At Solar Foods' test facilities where a few kilograms of Solein are churned out each week, those electrolyzers are hydro-powered. At a demonstration facility expected to be operational by next summer, the hydrogen production process will be powered by wind energy. Along with nutrients and carbon dioxide captured from the air inside the plant, hydrogen will be bubbled into fermentation tanks to grow bacteria and produce about 100 tons of Solein a year, Vainikka says.

Solein bioreactor where hydrogen, CO2, and nutrients are fed to bacteria to create single-cell protein. Credit: Solar Foods

It's a far cry from the scale that's needed to eliminate conventional agriculture while feeding billions of hungry humans. But if the product catches on in even a niche market, the sustainability benefits could be significant. Solar Foods' internal research has found that Solein generates 200 times less CO2 emissions per kilogram of protein produced compared with beef while using 700 times less water and 200 times less land. Considering emissions, water, and land use, producing Solein is also considerably more efficient than growing crops, the company claims.

Vainikka says that Solar Foods plans to market Solein to the food industry rather than directly to consumers. That means you won't be able to purchase it in the bulk aisle of your grocery store, but you might one day spot it on the ingredient list of a meatless chicken nugget. Solein-like products might also be headed to space: Last year, Solar Foods was one of several microbially-focused concepts that won the first round of NASA's Deep Space Food Challenge, which provides prize money and recognition to teams that demonstrate innovative food production technologies that could feed astronauts on long-term missions. Several other prize-winning concepts focused on growing microscopic algae for food in deep space or on Mars — an idea that NASA researchers have been investigating for years due to the fast growth rates and high productivity of algae, and the possibility of using them in life support systems to generate oxygen and scrub CO2 from the air.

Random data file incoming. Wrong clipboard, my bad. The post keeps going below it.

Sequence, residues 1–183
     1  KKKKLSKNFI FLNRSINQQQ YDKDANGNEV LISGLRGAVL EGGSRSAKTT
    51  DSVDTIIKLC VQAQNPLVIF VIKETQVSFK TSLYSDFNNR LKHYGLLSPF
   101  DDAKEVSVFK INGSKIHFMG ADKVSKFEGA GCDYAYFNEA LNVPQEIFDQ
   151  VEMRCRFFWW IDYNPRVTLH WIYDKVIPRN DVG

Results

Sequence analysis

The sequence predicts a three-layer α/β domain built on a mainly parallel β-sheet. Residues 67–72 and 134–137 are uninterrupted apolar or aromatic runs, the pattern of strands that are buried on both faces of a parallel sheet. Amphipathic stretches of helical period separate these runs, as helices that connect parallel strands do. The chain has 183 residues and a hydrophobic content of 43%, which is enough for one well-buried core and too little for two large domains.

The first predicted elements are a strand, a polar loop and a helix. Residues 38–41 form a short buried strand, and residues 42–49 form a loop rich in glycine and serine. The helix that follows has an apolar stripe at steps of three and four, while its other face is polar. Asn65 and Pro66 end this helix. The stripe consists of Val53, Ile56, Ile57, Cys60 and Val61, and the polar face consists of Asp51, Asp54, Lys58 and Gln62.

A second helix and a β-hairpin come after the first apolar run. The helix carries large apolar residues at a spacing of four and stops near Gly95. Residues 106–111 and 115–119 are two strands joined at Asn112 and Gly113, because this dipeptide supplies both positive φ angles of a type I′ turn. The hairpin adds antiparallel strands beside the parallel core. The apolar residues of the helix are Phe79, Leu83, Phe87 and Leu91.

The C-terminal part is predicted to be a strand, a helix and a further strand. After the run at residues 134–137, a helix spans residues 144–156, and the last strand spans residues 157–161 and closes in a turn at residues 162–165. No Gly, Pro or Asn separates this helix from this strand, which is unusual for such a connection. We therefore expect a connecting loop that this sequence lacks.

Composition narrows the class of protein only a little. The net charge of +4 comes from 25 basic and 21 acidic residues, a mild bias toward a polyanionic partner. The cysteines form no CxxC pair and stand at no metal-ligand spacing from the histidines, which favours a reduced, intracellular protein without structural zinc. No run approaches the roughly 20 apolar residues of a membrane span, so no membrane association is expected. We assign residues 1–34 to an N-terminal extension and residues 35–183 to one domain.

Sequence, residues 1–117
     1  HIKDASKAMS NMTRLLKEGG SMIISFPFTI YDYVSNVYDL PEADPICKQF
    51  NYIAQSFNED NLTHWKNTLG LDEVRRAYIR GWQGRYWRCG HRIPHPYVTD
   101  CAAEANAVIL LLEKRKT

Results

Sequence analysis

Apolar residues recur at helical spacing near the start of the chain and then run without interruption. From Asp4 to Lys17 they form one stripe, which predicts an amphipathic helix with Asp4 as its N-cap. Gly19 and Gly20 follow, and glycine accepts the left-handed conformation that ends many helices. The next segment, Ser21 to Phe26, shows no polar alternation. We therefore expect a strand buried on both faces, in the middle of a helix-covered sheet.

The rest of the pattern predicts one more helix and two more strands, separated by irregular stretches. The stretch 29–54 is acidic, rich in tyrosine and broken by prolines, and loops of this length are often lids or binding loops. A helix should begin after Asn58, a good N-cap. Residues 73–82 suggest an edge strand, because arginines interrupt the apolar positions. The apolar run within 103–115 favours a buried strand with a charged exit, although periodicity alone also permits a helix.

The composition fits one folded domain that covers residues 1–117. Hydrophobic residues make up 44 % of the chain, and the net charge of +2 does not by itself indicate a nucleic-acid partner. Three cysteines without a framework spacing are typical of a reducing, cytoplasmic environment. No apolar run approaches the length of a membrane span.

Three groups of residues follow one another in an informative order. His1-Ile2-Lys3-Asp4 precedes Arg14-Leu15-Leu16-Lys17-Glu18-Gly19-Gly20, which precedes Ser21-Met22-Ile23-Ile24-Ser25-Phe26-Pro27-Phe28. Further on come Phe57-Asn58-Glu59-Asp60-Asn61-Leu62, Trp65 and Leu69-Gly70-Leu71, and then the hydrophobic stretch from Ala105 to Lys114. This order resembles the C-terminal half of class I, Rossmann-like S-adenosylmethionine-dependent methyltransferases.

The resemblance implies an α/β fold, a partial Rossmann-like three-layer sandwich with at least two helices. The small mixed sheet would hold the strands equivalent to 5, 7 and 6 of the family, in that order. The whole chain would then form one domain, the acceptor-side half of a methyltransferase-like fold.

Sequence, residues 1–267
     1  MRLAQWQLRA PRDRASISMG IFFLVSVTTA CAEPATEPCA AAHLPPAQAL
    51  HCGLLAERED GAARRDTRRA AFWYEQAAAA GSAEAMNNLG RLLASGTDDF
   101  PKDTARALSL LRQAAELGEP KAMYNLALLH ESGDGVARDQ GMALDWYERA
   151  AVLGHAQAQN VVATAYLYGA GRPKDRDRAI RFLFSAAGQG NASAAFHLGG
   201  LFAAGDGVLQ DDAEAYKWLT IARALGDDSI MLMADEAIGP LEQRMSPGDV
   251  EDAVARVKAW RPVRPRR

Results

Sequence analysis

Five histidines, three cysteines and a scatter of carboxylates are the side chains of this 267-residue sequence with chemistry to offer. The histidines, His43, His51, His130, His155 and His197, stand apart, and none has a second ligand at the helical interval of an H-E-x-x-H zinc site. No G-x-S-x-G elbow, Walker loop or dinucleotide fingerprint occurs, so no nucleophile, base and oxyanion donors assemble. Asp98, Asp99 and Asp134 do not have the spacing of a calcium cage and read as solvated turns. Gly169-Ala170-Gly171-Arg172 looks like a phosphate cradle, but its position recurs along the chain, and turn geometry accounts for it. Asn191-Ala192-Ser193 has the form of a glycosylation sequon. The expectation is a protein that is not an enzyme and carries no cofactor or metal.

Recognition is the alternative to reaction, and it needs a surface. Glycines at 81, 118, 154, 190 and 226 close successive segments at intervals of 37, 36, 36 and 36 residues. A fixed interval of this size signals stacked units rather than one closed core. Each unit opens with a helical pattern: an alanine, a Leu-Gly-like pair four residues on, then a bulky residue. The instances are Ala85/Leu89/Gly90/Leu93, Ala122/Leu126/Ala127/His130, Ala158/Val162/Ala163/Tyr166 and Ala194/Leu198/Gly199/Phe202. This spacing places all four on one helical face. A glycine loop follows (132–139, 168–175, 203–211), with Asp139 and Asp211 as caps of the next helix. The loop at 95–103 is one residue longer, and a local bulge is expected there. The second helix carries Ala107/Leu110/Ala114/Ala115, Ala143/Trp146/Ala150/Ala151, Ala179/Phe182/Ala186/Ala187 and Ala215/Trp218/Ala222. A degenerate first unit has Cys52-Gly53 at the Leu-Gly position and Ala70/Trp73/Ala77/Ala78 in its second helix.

Concept for a Solein bioreactor that could fit comfortably within the confines of a spacecraft. Credit: Solar Foods

However, Ralph Fritsche, the spacecraft and exploration food systems project manager for NASA's Kennedy Space Center, feels that algae are more promising as a supplemental food source or a food additive rather than a staple of the future Martian diet. Research has shown that the protein content of edible algae from the genus Arthrospira is too high for them to serve as a dietary staple and that they may lack certain essential oils. "Trying to depend on it as more or less a primary source ingredient of the food system, I think, would be a challenge nutritionally and health-wise in the long run," Fritsche said.

The same concerns hold for bacterial foods like Solein, which is up to 70 percent protein by weight, an amount Vainikka described as "unnecessarily high." That's part of the reason he envisions the microbial product as a future food ingredient rather than something you simply mix with water and stick a straw in.

Pure microbial mush that's everything the body needs might be as unrealistic as it is an undesirable endpoint for the future of food. But if microbes grown in renewably-powered vats can provide some of our caloric needs while lightening humanity's footprint on the planet, it's worth taking the culinary possibilities seriously.  At the very least, we should be able to make something better than Tastee Wheat.